The Department is in the process of embarking on an Inter-institutional program entitled “Maternal, Neonatal and Infant Sciences: A Translational approach to study Preterm Birth (PTB)” during the current financial year.
The emphasis of this multidisciplinary research effort is to predict & diagnose Preterm Birth (PTB) by enhancing the understanding of the underlying pathophysiological mechanisms, which would facilitate use of existing or novel therapeutic agents & appropriate timing of clinical intervention. It is envisaged that the clinically relevant research outputs from the proposed study will be appropriate characterization of biological, clinical and epidemiological risk factors to achieve appropriate risk stratification of mothers who may deliver before term. More specifically, the aim would be evaluation of putative biomarkers, identification of simple microbiological tool based vaginal risk factors, modulation of vaginal microbiota for therapeutic purposes and evaluation of environmental modification chosen from SNP analysis. In addition, it is envisioned to elucidate causal biological risks and processes of fetal growth and the clinical consequences of PTB and intra uterine growth retardation, most of which are of major public health consequence.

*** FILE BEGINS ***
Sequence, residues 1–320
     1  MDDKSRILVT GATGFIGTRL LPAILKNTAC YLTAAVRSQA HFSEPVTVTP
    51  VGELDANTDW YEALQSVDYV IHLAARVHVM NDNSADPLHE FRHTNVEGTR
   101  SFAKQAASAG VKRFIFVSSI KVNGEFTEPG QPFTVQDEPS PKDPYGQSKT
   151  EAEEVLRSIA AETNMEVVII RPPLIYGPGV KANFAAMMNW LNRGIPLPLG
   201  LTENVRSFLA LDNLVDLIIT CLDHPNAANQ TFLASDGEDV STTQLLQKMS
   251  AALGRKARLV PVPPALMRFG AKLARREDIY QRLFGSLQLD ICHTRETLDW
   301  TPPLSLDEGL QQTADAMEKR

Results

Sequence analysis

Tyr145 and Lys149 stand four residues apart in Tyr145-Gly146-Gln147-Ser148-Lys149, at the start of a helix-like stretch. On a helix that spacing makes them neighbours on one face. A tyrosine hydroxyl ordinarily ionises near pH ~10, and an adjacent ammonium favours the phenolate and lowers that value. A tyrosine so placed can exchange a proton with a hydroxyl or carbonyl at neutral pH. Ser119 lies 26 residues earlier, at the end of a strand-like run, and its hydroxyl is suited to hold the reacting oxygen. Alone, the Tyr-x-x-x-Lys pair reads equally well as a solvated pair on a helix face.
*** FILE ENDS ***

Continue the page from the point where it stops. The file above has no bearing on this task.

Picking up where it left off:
The success of such an interdisciplinary research program highly depends on active cross-talk among scientists of various disciplines and accordingly the program has emphasis on cross-disciplinary platform that will bridge expertise from disparate fields, such as, pediatrics, gynecology, infectious disease biology, epidemiology, microbiology, immunology, platform technologies, cellular & molecular biology, genetics, statistics and computational & systems biology to create important knowledge-driven interventions and technologies that can be sustainably implemented in clinical practice and in the community.
The initial step will be to establish a hospital-based cohort of pregnant women starting from the first trimester, each of whom will be followed up until delivery. The first set of goals and objectives would focus on genomic, epigenomic and proteomic associations with PTB, relationship of micro-biome landscape of vagina to PTB. The data collected in the current study will be analyzed in an integrative manner in generating new knowledge about the possible mechanisms and etiology of PTB.
This cohort would also serve as a platform for wider and larger research programs. Investigators, who may or may not belong to the initial phases of this program, will be encouraged to develop additional research questions through discussions using a trans-disciplinary approach. The data and bio-specimens longitudinally collected on enrolled women and the child will serve as resource for such studies. Creation of this resource will also reduce time and cost for the conduct of future research in this area.